everythingof the kind as unbecoming, degrad
ing and disgraceful to a great and enlightened
people. By rcso'Ning to such acts of violence
iu the South, we a 1 once place ourselves on
— ,■
; exact footing with crazy Abolitionists of the
! North, and thereby weaken our claims upon
! ^ ■i 1111 '»« rc^ing North of
Mason & Dixon ^ line who ever stand rendv to
nill „„ in tll0 hour ,, f „
i Fljr 0 „e, we have no f,.
'
cars that this groat
! ^
North and South will stand
hard by the Constitution , and vindicate the
majetuy of the laws that how cement us togeth
er ns a great arid prospérons nation. The idea
entertained l»y some Southerners of fi^htfng
the Devil with lire, Is an absurdity too mon
strous to be cherished by rational men for a
single moment. Then let the South depneate
all acts of violence, and show the miserable
fanatics of the North how good and pleasant a
thing it is for brothers of the same great family
to dwell together in unity. By entertaining and
carrying out such a policy, the Union will be
preserved and no evil shall come near our
dwelling.
I In brief, let us contend for our rights within
j Hie Union in strict accordance with law and
order; lor by so doing we'll shame the Devil,
vindicate our self-respect nnd cause our chil
drcu to iutacrlt a lund, lUo value 0 r wbicb II"
„res can never compute. In II, e main, the
people of nearly all the States are violently
pposed to a dissolution of the t'niou ; there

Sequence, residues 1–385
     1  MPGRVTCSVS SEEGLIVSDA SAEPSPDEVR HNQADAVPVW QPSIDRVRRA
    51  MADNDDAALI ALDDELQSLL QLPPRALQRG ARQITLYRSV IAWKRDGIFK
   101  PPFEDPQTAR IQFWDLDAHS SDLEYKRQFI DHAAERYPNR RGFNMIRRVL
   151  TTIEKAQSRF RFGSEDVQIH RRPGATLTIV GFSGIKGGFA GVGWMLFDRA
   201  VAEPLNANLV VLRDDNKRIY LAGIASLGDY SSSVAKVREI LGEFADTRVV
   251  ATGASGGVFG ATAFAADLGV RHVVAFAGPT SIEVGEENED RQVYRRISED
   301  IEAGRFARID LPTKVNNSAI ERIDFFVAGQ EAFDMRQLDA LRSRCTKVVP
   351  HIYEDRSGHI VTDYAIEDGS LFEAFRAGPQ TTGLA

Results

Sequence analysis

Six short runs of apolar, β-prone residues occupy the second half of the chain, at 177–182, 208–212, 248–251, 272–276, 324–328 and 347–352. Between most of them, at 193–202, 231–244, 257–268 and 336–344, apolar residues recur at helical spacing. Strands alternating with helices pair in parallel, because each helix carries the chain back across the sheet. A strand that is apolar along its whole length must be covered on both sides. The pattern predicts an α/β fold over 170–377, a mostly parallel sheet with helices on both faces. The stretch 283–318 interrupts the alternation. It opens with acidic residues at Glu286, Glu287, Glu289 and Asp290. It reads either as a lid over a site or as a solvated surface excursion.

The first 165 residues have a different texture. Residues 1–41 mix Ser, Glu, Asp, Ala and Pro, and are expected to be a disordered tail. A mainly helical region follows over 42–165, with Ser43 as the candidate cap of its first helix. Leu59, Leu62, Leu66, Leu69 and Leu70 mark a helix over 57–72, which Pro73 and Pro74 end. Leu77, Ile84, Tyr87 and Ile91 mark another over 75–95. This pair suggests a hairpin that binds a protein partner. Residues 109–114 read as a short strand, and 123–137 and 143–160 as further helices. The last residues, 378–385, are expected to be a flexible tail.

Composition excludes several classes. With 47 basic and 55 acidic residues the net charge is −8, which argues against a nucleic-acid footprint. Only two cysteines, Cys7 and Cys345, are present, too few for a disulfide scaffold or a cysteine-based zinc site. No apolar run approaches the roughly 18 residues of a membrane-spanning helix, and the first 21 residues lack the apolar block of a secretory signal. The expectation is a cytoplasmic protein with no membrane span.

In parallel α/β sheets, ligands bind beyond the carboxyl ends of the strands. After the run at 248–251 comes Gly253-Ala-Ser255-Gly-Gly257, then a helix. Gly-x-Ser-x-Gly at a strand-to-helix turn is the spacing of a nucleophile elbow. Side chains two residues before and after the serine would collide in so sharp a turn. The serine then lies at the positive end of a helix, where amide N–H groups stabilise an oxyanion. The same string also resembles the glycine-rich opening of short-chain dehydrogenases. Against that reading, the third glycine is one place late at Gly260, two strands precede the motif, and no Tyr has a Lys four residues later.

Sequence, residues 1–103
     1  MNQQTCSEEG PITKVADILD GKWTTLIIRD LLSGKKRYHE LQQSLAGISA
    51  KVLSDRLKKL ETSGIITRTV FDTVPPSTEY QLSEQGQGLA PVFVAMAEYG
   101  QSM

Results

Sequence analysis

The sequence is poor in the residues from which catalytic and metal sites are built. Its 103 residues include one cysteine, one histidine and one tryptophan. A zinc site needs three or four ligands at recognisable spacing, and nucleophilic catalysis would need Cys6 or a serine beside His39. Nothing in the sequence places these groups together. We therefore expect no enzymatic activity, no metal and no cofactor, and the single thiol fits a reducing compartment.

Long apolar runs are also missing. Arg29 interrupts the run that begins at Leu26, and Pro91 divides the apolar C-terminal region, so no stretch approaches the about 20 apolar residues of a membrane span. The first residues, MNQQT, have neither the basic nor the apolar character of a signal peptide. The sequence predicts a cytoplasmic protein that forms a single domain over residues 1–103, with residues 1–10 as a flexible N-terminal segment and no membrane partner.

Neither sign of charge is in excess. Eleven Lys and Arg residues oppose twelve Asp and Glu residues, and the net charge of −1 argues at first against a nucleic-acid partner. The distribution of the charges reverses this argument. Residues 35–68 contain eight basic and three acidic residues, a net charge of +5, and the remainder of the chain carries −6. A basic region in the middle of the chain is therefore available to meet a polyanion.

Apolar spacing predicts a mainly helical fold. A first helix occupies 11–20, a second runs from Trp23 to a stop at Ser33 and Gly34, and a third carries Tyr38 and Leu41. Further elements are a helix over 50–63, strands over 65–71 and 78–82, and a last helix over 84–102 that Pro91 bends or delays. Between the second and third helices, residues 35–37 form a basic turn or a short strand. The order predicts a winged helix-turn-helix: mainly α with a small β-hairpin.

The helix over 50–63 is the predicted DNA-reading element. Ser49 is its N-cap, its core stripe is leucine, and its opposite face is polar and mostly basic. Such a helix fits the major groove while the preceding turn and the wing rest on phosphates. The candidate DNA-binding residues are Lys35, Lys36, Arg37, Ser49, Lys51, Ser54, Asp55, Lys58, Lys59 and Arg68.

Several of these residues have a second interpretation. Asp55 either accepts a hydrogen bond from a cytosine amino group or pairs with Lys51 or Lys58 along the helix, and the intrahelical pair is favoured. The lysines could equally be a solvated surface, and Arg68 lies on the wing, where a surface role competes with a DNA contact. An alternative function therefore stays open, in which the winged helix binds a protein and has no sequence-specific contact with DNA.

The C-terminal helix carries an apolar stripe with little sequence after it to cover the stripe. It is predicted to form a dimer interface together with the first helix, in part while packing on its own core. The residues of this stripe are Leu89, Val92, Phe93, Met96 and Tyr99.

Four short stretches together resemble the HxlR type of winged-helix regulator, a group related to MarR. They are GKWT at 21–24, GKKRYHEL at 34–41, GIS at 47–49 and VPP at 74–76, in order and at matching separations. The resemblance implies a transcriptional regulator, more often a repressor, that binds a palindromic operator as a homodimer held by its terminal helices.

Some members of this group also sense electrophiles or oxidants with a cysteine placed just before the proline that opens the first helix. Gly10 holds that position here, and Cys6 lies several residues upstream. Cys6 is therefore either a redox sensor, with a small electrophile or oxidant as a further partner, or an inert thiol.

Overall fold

fore, wc consider it suicidal to thc interests of
the South for her people to Imitate the mad
policy of a few crazy Northern fanatics (l>y
I'' Executions in Effigy,") who full very far
>1101-1 of representing the real views and wishes
of the great people among whom they chance
I» live. Burke tells us, "of all things, wisdom
is the most terrified with epidemical fnnaticiMii,
because, of all enemies, it is that against which
she is least able to furnish any kind of re
source."
Entertaining such views as these, we conclude
by again entering our protest ngainst Iho pro
ceedings calling forth this article, to wit : tho
" i'.xixttton in Un-iov of old John Brown ou
Southern soil, where his name should never
™ ' r0 bo """i 0 " 1 '' 1 cxce l ) ' »»
example of
I Urror t0
Ki .
! »'idtll and Hie IVesidciicy.
The Delta's Wnthingkm correspondent thinks
that the contest before the Charleston Convoie
lion will be narrowed down to Gen. Lam
Oregon, and John Slidell, of Louisiana,
stich a contest our Senator would mosl uer
taluly come offllrst best, an event which would
be hailed by the nation as an omen of good to
the entire country.
Willi Sliili'll al tho helm of State, fanaticism
N'm ih and South would meet a rebuke seldom
ever administered by an American President.
roHfiessed of line talents and an iron will, he
would rank among the very first of rulers.
Mr. Slidell has long been our first choice of
Southern men for the Presidency, and if a
ted at the Charleston
W<? l, °. muy . ,,e ,llc lnnn -~
tehould lite CoS'VKXTlU.V deem il evnedlnut t«»
u , . ... v 1 Ucut to
lalce a candulato Ironi the North , we would
greatly prefer Mr. Uuehannn, as one that has
been weighed iu the balances aud not found
wanting. The South and Union should be
slow to lay aside old and tried friends tor now
ones. Lot us be cautious.
(>,.
^
' I,
South Carolina Legisluture.
In the House, on Monday, the special
was the report of the Committee on Federal
Relations. Speeches wero made by Messrs.
l'ope, ol'St. Helena, Seymour, of Charleston,
and Hope, or Lexington, for thc majority, aud
W ia. Whaley for the ininorily report, und it
was made the special order for Tuesday, at
12:30 1*. M. Mr. Wm. Whaley, of Charleston,
offered the following preamble and resolutions